Dr. Claudia Kawas has devoted her life to studying the “oldest old,” the fastest growing segment of the population. And the groundbreaking findings her research has uncovered are surprising! She stops by the studio to discuss this “90+ Study” and asks us consider how the population will shift in the coming years.
To volunteer for the “90+ Study” call to 949-768-3635 or visit the website!
First year medical student, Graham Stephenson, stops by the studio to chat tech. We begin the conversation around the business side of what finances a hospital but quickly move into sectors where businesses are playing a part in revolutionizing medical care. We touch on Virtual Reality and 3D printing as potential future dimension relevant to medical care.
Listen to the episode here:
KUCI, the station that hosts this show is currently having it’s annual fund drive. Help the station reach it’s goal of $10,000 dollars by making your pledge today! You can make your pledge easily online here. Or by calling in at 949-824-5824
Check out these impressive videos on the new Virtual Reality headsets that we discuss on today’s program:
Dr. Ben LaBrot, founder of Floating Doctors, stops by the studio to talk about his organization and global medical efforts. We hear vivid stories of how his team delivers medical care to the remotest corners of Panama. Although many patients have never seen a physician before, Floating Doctors keeps coming back to the villages to provide a continuum of primary care. We learn more about medical work in the global context, what it means to lack access to care, and crucial points that determine the success of an international medical effort.
Dr. LaBrot emphasizes that all talents are welcome to Floating Doctors. If you are interested in learning more, visit their website: http://floatingdoctors.com/
With approximately 12,000 new cases of spinal cord injury debilitating patients each year in the US, any restoration of function comes as good news. Recently researchers in Ohio managed to implant electrodes into the brain of a 24 year old man to control his arm muscles for the first time in the 4 years since his accident. He was able to grasp and manipulate objects. What could this mean for the future of brain-machine-interfaces? I explore in today’s podcast.
2015 statistics on spinal cord injuries. Some really interesting data that reveals the impact these injuries have on the patient. Take for example marital status:
Now the scientific article first reporting the technology that restores finger function in the quadriplegic man. Here is a description of the work from the New York Times the with less jargon.
The case report at the beginning was lifted from this article.
Today’s episode focuses on nutrition. Food is incredibly important to our long term health, after all this is the stuff our body has to work with. This episode is not at all a guide on what to eat; in fact it questions whether such a guide is even possible. But rather its a rumination on how food matters are complicated and intersect many aspects of our lives.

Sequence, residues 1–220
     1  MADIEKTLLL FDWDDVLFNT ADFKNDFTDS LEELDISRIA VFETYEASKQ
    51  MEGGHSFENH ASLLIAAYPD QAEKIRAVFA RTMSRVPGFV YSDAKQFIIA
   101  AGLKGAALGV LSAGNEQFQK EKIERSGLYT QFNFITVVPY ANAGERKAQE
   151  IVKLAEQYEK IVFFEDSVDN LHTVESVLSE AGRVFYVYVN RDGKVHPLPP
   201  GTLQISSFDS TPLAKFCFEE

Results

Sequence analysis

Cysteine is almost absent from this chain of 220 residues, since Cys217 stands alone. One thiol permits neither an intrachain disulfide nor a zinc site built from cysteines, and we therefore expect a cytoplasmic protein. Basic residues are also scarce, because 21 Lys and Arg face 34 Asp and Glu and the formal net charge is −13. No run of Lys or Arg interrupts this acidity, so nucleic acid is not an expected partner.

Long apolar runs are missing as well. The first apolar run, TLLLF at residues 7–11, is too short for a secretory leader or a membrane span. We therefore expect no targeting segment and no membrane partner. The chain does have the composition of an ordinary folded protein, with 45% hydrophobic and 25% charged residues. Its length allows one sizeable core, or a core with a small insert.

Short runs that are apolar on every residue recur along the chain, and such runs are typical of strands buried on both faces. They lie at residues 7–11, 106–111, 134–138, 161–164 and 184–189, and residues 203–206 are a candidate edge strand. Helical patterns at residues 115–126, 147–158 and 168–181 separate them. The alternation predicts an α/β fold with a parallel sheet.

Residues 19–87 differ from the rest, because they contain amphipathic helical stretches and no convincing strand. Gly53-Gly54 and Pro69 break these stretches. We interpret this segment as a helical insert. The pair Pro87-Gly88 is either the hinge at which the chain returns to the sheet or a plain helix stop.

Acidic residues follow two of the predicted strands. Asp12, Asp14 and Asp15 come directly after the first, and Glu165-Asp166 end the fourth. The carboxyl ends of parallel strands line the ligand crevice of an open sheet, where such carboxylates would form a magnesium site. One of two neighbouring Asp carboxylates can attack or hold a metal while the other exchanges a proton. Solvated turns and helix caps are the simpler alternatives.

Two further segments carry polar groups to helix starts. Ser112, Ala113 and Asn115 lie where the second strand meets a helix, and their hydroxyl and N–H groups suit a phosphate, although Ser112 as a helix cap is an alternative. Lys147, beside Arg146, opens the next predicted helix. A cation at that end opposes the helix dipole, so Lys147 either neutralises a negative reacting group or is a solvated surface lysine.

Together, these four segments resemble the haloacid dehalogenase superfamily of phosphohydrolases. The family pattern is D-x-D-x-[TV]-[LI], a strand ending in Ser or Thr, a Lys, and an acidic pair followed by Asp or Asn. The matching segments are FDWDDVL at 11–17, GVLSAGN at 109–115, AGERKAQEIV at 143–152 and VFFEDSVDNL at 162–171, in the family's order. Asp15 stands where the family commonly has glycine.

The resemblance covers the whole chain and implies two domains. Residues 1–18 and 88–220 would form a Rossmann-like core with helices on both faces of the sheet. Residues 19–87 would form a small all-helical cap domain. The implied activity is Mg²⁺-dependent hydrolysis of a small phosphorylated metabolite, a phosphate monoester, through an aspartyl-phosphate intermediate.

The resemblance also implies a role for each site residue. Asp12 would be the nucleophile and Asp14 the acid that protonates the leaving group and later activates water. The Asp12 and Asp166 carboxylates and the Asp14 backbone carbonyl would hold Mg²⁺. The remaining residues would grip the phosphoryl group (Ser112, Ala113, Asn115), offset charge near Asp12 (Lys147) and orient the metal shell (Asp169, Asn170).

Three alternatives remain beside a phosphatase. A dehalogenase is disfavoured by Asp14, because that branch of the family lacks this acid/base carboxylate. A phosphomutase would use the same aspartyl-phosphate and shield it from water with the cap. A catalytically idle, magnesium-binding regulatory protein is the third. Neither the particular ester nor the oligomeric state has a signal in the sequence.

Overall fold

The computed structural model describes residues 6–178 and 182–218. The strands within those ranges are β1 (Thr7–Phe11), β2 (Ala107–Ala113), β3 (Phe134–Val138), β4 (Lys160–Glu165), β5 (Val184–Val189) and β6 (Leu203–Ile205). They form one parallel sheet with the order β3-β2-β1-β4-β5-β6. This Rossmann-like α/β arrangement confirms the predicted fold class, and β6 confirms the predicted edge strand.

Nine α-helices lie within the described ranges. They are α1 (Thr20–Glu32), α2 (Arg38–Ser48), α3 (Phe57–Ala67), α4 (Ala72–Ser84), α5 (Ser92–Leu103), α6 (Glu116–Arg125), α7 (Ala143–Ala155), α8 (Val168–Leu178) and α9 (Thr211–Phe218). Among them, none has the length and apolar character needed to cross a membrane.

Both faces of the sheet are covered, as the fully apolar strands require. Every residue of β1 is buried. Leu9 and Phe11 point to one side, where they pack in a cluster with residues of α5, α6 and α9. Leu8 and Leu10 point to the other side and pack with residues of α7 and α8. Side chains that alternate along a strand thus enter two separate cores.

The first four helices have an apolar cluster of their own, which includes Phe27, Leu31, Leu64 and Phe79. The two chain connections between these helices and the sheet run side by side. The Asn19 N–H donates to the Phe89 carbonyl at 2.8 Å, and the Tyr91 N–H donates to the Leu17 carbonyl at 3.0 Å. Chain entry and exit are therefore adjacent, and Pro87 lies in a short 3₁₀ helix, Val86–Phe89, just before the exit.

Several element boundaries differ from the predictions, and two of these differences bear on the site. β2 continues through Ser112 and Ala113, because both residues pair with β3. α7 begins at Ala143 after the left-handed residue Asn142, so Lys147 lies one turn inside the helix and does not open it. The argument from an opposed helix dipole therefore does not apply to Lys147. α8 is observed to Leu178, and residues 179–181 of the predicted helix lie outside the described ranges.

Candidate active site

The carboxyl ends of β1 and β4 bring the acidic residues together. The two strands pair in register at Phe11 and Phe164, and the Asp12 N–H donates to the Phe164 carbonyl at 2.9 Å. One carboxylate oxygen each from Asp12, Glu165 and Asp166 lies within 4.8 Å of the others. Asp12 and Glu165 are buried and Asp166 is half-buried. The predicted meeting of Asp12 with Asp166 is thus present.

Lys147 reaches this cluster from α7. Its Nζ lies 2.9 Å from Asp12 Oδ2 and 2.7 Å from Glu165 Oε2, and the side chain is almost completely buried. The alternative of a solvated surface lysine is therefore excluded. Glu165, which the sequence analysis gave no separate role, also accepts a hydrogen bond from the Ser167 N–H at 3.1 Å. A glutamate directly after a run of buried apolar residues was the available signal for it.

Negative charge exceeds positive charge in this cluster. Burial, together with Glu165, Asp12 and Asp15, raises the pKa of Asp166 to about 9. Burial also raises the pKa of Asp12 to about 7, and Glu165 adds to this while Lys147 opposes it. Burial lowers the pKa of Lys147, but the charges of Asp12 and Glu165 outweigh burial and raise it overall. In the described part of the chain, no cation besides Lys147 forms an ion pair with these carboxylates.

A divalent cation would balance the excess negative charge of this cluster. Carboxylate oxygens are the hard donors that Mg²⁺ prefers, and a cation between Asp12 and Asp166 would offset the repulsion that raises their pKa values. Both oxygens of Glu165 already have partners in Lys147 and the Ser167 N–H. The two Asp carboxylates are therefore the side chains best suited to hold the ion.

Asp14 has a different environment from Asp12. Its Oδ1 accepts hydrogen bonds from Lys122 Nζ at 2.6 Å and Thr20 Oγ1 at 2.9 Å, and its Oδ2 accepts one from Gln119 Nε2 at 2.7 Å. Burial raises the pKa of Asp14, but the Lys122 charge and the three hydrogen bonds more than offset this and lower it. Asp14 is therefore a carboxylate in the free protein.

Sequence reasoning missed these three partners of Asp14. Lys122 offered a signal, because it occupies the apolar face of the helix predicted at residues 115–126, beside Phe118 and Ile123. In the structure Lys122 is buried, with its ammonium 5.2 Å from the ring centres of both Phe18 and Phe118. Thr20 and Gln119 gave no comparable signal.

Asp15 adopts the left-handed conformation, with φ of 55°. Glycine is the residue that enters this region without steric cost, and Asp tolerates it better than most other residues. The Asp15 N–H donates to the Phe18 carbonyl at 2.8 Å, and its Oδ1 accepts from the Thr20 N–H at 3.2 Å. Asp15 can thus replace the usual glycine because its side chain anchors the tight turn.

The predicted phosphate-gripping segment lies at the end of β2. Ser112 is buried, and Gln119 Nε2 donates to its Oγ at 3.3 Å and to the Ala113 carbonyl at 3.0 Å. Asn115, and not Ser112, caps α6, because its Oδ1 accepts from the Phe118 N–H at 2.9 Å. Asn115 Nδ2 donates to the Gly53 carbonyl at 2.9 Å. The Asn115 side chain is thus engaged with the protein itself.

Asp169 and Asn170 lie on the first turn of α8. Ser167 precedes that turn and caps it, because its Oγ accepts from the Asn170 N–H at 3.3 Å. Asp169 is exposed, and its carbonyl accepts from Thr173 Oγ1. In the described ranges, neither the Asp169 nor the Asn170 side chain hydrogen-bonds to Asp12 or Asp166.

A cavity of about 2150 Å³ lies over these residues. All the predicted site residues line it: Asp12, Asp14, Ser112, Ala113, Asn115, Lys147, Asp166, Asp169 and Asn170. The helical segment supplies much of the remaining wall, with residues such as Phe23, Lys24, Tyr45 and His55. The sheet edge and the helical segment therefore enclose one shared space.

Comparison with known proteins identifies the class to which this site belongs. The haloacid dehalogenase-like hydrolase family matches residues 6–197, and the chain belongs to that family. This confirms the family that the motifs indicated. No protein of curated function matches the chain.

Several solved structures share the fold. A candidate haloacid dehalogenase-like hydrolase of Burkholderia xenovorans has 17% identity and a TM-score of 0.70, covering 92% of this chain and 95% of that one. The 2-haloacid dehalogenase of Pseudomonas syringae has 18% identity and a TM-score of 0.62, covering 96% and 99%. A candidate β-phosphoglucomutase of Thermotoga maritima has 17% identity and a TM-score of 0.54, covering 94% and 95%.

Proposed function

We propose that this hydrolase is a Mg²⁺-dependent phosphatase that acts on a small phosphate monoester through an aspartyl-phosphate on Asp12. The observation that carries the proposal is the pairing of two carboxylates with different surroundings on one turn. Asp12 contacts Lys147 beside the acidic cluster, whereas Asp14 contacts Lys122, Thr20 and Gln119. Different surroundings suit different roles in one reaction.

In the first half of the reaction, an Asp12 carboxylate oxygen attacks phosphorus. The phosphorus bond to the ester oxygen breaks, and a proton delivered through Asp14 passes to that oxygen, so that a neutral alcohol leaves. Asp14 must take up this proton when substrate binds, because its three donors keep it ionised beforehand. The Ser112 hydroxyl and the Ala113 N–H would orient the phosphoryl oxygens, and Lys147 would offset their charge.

Tough cases of chronic pain may last for decades without relief from traditional and non-traditional therapies, and may not even show outward symptoms apart from the patient’s own distress. Dr. David Schechter joins us on today’s program to discuss his unique approach for such patients. He is a family medicine and sports medicine physician based in Los Angeles, California. In the episode he talks about his holistic approach to the patient, treatments he prescribes, the medical community’s inertia against new ideas.
On this episode I consider the human body as a whole and try to take a big picture look at anatomy. I discuss the different systems at play and how the structure of their physical properties meets their physiological functions.
In this episode, medical student Winston Vuong discusses the battle against cancer. He begins with the diversity of cancers and how each interact with the human bodies in different ways. Compounding to the complexity are the differences between patients. The best therapies, as a result, must be customized to suite each need. Winston discusses this “personalized medicine” approach and picks a particularly exciting new finding to elaborate upon.
Today we are joined with leaders of the Orange County Needle Exchange (OCNEP). OCNEP began when a group of medical students realized that a needle exchange was needed in Santa Ana to stem the transmission of infectious diseases, especially amongst injection drug users. In the episode the founder, Kyle Barbour, explains the philosophy of harm reduction as a means of promoting public health. Marissa Lovio, a steering committee member, adds details about the process of becoming state certified and the inauguration of the exchange in February. Find out how you can get involved by contacting firstname.lastname@example.org or the website.
Dr. Don Wei discusses his research on endocannabinoids and social behavior, along the way discussing the brain’s reward system and dopamine. These insights from neuroscience immediately show it’s utility in understanding drug addiction and other psychiatric illnesses.